WASHINGTON -- For his role as a leader of federal research and policy on infectious diseases and, in particular, for his deft, scientifically grounded leadership in shaping an effective response to the COVID-19 pandemic, the National Academy of Medicine today announced Anthony S. Fauci is the recipient of the 2020 Gustav O. Lienhard Award for Advancement of Health Care. The award will be presented at the National Academy of Medicine's virtual annual meeting on Oct. 19. Fauci is the director of the National Institute of Allergy and Infectious Diseases (NIAID), part of the National Institutes of Health, and has served in that position since 1984.
At NIAID, Fauci oversees an extensive portfolio of basic and applied research to prevent, diagnose, and treat infectious diseases such as HIV/AIDS, tuberculosis, and malaria, as well as emerging and re-emerging diseases such as Ebola and Zika. During his career at NIAID, he has advised six U.S. presidents on many domestic and global health issues. Fauci has made many contributions to basic and clinical research on the pathogenesis and treatment of immune-mediated and infectious diseases. He made important scientific observations that underpin the current understanding of the regulation of the human immune response, which helped pioneer the field of human immunoregulation.
Fauci made seminal discoveries to advance the understanding and treatment for HIV/AIDS and played a critical role in designing the U.S. and international response to the epidemic. He was an instrumental contributor to the creation of the President's Emergency Plan for AIDS Relief (PEPFAR), which has saved millions of lives throughout the world. Fauci led NIAID to initiate major scientific studies and helped change the public's stigmatizing view of those with HIV to public understanding of the mechanisms of its viral transmission and effective treatments.
This year, Fauci has been a top adviser to the government on public health and medical response efforts to the COVID-19 pandemic and led NIAID-sponsored research on ways to prevent, treat, and better understand SARS-CoV-2 and COVID-19.
Fauci began his career at the National Institutes of Health in 1968 as a clinical associate in the NIAID Laboratory of Clinical Investigation. He was appointed chief of the Laboratory of Immunoregulation in 1980 and still holds this position.
"From his pivotal role in the fight against HIV/AIDS to his critical leadership in responding to Zika, SARS, and Ebola outbreaks, to his current tireless efforts shaping the COVID-19 pandemic response, Dr. Fauci is undoubtedly most deserving of this prestigious award," said National Academy of Medicine President Victor J. Dzau. "His dedication and commitment over his lifetime of public service have earned him recognition as a world-class scientist and resulted in sustained scientific contributions that have advanced global health security and saved millions of lives around the world. Through it all, and especially during the coronavirus pandemic, Dr. Fauci has remained a leading and trusted voice for science and evidence-based decision-making, and his clear communication and even temperament have been key to advancing understanding of the problem and promoting a massive, multilevel response."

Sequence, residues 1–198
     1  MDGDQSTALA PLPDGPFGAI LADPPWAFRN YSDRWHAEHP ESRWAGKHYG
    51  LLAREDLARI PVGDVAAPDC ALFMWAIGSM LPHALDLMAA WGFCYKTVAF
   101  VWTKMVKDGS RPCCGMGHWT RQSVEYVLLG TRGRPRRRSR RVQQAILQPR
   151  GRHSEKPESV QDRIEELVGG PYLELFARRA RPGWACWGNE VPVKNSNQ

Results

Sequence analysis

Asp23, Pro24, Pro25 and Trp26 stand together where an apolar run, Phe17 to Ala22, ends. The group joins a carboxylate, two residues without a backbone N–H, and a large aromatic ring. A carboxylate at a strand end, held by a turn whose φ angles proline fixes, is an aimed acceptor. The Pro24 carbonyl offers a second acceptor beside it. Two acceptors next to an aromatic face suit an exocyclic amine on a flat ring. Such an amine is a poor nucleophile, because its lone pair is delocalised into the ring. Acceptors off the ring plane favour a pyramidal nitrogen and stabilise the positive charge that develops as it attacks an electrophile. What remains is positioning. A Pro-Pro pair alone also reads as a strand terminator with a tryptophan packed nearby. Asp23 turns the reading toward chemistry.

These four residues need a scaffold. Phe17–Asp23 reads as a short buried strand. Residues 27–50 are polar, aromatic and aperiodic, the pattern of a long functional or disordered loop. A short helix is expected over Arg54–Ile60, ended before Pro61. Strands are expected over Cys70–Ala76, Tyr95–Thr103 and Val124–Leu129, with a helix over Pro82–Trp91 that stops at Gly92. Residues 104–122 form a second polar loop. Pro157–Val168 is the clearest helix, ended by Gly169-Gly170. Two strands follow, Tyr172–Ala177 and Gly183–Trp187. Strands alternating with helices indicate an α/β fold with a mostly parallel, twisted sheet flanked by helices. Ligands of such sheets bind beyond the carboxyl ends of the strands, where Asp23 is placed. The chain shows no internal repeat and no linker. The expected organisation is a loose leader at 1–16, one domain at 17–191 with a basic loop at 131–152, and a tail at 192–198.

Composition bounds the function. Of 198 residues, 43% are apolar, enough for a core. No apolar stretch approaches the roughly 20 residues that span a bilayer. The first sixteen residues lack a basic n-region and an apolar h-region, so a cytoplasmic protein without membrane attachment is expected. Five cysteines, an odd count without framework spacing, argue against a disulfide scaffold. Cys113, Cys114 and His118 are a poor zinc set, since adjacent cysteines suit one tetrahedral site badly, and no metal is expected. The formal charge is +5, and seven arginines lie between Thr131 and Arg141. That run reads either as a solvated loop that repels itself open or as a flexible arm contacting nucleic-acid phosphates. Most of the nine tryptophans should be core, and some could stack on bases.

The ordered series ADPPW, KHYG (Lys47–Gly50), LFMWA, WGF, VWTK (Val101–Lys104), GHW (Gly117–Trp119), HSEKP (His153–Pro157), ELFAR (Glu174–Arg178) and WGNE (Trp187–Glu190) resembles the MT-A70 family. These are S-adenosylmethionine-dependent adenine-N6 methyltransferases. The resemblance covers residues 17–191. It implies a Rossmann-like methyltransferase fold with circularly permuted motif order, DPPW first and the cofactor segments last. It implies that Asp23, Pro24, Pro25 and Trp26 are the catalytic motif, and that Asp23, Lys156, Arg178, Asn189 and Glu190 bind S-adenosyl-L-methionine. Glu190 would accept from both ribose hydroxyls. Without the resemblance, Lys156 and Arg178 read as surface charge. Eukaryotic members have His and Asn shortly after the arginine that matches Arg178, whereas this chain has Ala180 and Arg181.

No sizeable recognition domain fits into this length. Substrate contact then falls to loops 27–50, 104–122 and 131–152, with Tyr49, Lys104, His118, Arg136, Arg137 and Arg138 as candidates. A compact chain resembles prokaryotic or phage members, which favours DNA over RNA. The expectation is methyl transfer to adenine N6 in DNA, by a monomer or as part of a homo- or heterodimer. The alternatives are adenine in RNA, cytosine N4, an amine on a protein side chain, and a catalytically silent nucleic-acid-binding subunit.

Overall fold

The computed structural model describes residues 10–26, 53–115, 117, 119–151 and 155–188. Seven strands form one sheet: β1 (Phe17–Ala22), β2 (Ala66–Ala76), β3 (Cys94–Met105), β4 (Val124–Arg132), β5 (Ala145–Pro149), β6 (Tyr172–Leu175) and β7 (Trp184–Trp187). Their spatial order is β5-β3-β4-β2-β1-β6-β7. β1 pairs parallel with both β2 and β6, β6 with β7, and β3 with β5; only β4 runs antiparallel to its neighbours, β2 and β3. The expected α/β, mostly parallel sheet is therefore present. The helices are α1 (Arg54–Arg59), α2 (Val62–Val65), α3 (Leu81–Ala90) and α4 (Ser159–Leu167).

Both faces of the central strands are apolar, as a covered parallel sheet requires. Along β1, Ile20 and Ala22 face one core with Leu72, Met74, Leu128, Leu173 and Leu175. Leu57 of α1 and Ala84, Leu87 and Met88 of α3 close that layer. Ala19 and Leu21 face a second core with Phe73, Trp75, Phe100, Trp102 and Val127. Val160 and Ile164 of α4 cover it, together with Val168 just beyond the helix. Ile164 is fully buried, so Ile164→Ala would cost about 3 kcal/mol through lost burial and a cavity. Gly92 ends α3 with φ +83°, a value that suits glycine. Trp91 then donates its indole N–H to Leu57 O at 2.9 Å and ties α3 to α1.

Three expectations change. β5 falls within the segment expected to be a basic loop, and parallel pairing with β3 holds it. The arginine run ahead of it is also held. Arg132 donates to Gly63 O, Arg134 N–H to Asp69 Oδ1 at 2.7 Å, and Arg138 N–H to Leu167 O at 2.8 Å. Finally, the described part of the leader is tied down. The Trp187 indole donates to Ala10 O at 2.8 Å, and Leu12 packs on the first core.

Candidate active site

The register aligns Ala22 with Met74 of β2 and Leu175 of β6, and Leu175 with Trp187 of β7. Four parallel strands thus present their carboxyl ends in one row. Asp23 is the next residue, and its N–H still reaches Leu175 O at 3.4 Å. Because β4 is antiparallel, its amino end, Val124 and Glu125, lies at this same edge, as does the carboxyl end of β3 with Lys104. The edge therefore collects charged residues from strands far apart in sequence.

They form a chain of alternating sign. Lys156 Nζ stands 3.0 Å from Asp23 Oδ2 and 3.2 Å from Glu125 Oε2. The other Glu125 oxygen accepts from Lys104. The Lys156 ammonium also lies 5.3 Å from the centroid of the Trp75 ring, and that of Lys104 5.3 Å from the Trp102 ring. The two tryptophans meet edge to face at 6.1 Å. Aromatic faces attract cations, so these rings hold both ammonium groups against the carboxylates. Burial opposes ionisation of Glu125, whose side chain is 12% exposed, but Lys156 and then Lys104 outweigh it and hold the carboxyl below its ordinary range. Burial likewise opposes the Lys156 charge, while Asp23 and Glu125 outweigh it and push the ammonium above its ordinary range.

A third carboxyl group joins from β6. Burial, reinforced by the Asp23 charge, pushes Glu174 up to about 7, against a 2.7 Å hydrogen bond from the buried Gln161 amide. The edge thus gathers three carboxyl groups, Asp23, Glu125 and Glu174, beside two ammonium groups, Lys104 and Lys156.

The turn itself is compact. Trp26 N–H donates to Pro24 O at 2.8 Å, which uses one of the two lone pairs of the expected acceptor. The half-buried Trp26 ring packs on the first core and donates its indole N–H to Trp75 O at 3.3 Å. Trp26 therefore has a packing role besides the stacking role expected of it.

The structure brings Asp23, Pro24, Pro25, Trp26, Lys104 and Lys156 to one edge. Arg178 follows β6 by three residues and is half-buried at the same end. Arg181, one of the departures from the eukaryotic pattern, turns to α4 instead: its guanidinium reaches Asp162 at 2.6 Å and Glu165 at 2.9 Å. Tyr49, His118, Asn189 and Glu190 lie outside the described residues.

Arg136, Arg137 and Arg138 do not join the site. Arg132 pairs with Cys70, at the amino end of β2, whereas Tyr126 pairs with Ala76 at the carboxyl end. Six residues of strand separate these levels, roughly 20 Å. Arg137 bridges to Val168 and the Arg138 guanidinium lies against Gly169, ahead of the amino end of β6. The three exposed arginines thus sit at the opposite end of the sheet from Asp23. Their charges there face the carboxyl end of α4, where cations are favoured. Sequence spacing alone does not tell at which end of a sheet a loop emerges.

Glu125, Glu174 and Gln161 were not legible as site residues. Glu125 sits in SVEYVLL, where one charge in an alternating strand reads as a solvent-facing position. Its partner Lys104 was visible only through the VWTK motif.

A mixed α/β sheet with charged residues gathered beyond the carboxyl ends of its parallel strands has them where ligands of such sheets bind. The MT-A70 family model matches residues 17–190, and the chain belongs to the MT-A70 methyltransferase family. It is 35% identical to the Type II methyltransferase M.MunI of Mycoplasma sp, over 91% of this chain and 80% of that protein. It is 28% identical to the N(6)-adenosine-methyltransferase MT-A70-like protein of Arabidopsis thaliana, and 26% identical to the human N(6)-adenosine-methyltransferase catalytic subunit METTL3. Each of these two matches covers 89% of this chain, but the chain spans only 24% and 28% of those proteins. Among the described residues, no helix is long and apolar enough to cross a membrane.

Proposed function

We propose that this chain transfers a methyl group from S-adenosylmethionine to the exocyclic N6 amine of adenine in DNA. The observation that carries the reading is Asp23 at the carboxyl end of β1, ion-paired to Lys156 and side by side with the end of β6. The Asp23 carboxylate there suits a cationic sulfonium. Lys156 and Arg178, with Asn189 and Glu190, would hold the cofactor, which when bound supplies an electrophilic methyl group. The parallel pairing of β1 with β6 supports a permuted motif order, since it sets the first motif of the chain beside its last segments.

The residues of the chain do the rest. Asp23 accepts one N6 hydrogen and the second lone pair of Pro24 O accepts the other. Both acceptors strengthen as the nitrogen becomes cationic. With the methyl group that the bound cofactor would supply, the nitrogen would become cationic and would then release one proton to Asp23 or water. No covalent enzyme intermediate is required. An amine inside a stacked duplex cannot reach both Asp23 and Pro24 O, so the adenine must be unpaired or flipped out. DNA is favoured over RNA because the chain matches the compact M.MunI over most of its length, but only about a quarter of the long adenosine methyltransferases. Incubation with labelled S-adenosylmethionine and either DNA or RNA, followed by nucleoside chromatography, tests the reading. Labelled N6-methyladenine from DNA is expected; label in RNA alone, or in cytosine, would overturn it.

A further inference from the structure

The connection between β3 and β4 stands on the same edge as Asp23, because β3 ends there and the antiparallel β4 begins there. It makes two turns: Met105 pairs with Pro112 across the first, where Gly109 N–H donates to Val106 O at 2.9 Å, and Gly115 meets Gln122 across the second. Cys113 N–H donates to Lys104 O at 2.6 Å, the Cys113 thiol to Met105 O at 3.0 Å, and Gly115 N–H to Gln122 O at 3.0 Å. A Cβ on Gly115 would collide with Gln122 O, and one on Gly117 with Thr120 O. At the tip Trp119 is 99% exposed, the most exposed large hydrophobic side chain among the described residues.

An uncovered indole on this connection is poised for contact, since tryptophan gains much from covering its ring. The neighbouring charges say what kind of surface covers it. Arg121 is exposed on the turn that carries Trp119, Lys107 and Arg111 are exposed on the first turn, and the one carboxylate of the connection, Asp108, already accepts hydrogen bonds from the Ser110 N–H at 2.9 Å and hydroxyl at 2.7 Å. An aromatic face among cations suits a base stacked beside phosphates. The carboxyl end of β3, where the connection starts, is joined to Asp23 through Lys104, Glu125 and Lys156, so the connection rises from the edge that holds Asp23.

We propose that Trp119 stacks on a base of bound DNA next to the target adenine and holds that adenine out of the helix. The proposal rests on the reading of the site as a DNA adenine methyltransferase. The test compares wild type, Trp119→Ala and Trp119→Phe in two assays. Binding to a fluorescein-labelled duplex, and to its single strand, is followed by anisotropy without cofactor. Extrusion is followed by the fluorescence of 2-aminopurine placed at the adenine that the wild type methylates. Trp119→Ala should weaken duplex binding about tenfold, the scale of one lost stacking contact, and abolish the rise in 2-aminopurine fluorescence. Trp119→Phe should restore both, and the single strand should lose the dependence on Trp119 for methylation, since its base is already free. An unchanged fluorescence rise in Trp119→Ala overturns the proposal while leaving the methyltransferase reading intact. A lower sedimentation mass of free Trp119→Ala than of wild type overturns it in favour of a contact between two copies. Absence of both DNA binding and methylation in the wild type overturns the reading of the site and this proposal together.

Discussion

Fauci is the 35th recipient of the Lienhard Award. Given annually, the award recognizes outstanding national achievement in improving personal health care in the United States. Nominees are eligible for consideration without regard to education or profession, and award recipients are selected by a committee of experts convened by the National Academy of Medicine. This year's selection committee was chaired by Donald M. Berwick, M.D., president emeritus and senior fellow, Institute for Healthcare Improvement; and former administrator, Centers for Medicare and Medicaid Services.
The Lienhard Award is funded by an endowment from the Robert Wood Johnson Foundation. Gustav O. Lienhard was chair of the foundation's board of trustees from the organization's establishment in 1971 to his retirement in 1986 -- a period in which the foundation moved to the forefront of American philanthropy in health care. Lienhard, who died in 1987, built his career with Johnson & Johnson, beginning as an accountant and retiring 39 years later as its president.
The National Academy of Medicine, established in 1970 as the Institute of Medicine, is an independent organization of eminent professionals from diverse fields including health and medicine; the natural, social, and behavioral sciences; and beyond. It serves alongside the National Academy of Sciences and the National Academy of Engineering as an adviser to the nation and the international community. Through its domestic and global initiatives, the NAM works to address critical issues in health, medicine, and related policy and inspire positive action across sectors. The NAM collaborates closely with its peer academies and other divisions within the National Academies of Sciences, Engineering, and Medicine.
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